Local Rotary Club reviews upheaval of the 1960s in celebrating its centennial

Contributed news from Nevada Rotary
Special to the Journal
Featured in the photo are Rotarian Rich Parker as 1960s club president, Don Hale, and Club President Emmi Miller paying homage to the clothing of the 1960s.

As Nevada Rotary continues to review its 100-year history, the club learned about the upheaval of the 1960s. On Nov. 4, former club president Don Hale, portrayed by Nevada Rotarian Rich Parker, provided context for this complicated decade. 

The ‘60s brought an air of hope and optimism with prosperity at home, the spread of democracy and space travel. Martin Luther King called for equality for all, and a hippie culture preached peace and love. A counter-culture revolution changed societal norms of clothing, drugs, sexuality, and music. It was also a time of turbulence with the Vietnam War, civil rights protestors, boycotts and political assassinations.

While we do not know the content of personal conversations among the Rotarians, club programs show that the group continued to invest in and serve the community. One speaker applauded Rotary for working for better understanding between farm and city; noting that farms must now be seen as big business. The group sought to develop international friendship through programs with students from Iowa State. Other programs shared about community developments at Oak Park Academy, extension planning, transportation and the new courthouse.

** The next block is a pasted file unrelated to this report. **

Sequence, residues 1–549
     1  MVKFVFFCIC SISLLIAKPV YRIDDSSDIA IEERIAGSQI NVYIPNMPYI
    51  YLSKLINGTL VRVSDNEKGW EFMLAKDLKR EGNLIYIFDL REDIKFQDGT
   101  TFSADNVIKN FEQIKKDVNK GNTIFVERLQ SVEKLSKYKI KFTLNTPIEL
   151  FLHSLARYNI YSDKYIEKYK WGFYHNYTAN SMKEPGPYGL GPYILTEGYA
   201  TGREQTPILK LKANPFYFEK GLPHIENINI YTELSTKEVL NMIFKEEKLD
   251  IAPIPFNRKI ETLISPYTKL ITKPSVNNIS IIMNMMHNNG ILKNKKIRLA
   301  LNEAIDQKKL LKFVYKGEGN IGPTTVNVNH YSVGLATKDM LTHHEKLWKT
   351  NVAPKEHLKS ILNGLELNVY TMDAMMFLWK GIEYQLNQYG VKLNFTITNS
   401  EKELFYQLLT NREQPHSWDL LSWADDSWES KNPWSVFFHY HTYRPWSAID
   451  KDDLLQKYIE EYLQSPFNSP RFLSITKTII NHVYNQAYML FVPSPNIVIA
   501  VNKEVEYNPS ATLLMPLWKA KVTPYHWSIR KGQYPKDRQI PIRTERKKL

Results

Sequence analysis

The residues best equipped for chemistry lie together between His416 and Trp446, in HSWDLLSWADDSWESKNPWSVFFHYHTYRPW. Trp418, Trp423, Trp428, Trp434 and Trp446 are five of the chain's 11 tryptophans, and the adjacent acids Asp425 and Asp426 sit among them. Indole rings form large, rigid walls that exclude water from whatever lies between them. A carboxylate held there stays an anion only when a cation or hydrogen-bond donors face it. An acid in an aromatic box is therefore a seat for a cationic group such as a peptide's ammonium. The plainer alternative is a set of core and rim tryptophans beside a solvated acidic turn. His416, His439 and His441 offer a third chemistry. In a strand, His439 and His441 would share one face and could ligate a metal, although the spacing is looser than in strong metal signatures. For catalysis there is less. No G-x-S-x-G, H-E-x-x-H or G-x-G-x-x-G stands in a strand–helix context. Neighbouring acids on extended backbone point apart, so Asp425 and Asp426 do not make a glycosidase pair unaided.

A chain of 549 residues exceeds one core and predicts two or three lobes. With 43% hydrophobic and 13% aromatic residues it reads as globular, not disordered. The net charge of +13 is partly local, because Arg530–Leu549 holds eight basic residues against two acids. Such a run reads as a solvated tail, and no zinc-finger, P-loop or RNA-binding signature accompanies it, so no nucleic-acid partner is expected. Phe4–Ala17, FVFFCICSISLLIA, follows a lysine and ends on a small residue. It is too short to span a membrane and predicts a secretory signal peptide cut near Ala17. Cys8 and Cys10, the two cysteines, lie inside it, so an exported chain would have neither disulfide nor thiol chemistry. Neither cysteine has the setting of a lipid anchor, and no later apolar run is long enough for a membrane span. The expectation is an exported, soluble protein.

Both locally and globally, Rotary continues to support international friendship and understanding. The Nevada Club has a strong history of supporting International Youth Exchange, friendship exchanges, and participating in a collaborative humanitarian project in Xicotepec, Mexico.

For more information about the Rotary Club of Nevada and its ongoing commitment to local involvement, global service, and fellowship, visit www.nevadarotary.org.